Study finds stress hormone may identify family members likely to suffer from anxiety after loved one’s hospitalization
When a loved one has been hospitalized in intensive care for a critical illness, many family members experience anxiety, depression, post-traumatic stress or other negative effects lasting months, according to new research led by Intermountain Medical Center.
The new research suggests that determining which family members are likely to suffer long-term effects could offer guidance to caregivers about how to help them.
The study is believed to be the first research of its kind to investigate the link between cortisol levels of family members of adult ICU patients and subsequent anxiety.
Participants in the study were family members of patients who’d been admitted to Intermountain Medical Center’s medical/surgical intensive care unit. Family members were followed by researchers for three months.
Three months after the patient was discharged, researchers found that 32 percent of the family members studied were anxious, 16 percent had symptoms of depression, and 15 percent reported signs of post-traumatic stress.
Researchers also found an increase of about 50 percent in family members’ cortisol levels after they woke up in the morning, which was associated with anxiety in family members three months after hospital discharge.
Cortisol is sometimes called the “stress hormone” because it can spike during periods of stress, such as when a loved one is critically ill. Unlike the surge in cortisol shortly after awakening, general cortisol levels weren’t found to predict long-term symptoms of mood disorders among participants in the study.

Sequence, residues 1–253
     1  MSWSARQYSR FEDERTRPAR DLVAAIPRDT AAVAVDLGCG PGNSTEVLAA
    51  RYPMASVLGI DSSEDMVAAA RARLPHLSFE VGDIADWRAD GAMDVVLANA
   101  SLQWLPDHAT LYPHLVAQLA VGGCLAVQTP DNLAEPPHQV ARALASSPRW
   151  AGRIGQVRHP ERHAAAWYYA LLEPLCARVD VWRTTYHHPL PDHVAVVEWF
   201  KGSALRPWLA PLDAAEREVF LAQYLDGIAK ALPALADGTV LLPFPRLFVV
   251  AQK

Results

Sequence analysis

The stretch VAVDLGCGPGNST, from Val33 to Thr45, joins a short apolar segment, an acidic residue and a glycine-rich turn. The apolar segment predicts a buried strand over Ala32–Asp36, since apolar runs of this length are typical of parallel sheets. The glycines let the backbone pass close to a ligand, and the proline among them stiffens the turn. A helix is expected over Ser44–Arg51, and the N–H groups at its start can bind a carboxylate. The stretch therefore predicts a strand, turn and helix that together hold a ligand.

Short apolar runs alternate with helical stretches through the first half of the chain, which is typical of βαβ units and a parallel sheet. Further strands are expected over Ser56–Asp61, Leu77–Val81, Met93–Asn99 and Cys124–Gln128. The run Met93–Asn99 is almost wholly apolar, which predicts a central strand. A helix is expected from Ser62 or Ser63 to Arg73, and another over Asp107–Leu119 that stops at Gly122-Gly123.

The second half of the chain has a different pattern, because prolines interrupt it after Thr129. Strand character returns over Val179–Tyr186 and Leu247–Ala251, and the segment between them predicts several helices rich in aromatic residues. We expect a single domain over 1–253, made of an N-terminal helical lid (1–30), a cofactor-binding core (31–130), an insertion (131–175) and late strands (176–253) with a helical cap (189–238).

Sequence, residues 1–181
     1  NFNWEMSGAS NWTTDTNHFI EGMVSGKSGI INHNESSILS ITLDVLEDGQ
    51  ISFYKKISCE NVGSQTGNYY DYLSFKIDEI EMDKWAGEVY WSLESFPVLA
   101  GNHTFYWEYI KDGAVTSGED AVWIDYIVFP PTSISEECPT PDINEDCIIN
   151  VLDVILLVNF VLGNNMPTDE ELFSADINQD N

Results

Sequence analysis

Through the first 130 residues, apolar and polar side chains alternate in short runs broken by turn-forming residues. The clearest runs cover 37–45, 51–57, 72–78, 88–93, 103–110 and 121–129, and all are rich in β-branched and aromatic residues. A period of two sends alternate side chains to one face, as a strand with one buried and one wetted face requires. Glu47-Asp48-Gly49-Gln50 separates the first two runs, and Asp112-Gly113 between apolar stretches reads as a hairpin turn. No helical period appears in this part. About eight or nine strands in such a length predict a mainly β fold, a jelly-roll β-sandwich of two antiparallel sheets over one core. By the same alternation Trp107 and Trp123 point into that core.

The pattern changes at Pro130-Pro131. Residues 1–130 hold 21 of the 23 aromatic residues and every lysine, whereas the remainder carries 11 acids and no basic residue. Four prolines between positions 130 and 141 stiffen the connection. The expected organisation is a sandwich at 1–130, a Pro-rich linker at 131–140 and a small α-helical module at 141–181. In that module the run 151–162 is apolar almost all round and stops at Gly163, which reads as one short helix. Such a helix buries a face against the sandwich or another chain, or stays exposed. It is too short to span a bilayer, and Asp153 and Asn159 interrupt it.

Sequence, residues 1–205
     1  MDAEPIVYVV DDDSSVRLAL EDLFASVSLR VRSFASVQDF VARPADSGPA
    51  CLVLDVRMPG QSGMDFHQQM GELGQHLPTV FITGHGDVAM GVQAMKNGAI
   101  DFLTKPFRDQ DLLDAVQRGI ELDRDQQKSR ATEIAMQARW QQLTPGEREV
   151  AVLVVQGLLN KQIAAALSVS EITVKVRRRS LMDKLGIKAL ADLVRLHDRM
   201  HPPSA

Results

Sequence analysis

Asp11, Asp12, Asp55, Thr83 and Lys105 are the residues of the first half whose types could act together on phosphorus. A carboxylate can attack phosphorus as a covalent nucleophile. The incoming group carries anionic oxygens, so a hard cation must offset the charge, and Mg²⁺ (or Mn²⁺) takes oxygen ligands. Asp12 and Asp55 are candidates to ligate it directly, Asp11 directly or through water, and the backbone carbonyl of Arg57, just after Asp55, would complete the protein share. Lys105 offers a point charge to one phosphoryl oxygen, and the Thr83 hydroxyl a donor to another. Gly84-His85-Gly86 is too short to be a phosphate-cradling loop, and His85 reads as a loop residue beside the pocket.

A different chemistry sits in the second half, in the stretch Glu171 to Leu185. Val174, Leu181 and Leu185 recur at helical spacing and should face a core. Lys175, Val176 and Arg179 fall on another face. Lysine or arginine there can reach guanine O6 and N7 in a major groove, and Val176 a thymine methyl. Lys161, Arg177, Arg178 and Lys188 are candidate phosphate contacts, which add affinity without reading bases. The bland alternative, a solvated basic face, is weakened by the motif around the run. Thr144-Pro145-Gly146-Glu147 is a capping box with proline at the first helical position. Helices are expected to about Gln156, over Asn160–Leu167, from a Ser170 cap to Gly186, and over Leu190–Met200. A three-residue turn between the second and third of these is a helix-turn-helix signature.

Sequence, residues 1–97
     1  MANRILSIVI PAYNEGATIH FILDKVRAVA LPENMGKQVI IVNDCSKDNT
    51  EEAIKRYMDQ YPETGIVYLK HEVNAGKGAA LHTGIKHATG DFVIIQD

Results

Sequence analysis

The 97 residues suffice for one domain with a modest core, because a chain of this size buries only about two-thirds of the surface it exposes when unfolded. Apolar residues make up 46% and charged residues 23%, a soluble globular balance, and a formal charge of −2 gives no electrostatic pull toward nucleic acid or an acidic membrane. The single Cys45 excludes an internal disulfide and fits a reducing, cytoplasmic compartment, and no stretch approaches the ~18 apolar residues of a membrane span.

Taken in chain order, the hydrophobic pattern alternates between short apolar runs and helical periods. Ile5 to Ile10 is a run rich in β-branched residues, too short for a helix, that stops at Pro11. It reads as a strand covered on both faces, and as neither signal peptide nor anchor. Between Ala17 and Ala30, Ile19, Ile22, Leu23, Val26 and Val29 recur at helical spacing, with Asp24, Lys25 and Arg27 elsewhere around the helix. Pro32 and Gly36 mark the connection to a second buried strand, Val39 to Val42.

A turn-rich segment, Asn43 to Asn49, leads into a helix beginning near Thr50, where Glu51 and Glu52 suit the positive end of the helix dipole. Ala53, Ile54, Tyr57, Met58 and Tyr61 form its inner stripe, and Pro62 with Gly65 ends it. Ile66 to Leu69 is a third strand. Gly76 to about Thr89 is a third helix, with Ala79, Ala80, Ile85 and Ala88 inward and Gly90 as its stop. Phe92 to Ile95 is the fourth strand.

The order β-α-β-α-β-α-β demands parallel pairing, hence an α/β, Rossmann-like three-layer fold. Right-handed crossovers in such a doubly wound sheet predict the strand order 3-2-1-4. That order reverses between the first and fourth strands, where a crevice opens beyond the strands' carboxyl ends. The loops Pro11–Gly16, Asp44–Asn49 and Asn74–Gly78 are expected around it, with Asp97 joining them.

Family members were studied because an ICU admission can affect the entire family. Family members experience new challenges, including caring for a loved one, learning details of providing medical care, and a reduction or break from employment.
“Family members need time to adjust to these new roles, situations and responsibilities,” said Ellie L. Hirshberg, MD, MS, a critical care physician at Intermountain Medical Center, who led the study, and who co-directs the Center for Humanizing Critical Care at the hospital.
“This study confirms the long-held belief that family members are experiencing stress during an ICU stay. This is important,” said Dr. Hirshberg. “The next step we hope to take in the future is to study support interventions that can reduce this stress and the associated anxiety, depression, and PTSD that may follow.”
Researchers targeted family members because they’re an important part of a patient’s recovery team and often have their own unmet needs. “There’s likely a link between family member wellness and a patient’s trajectory for recovery,” Dr. Hirshberg said.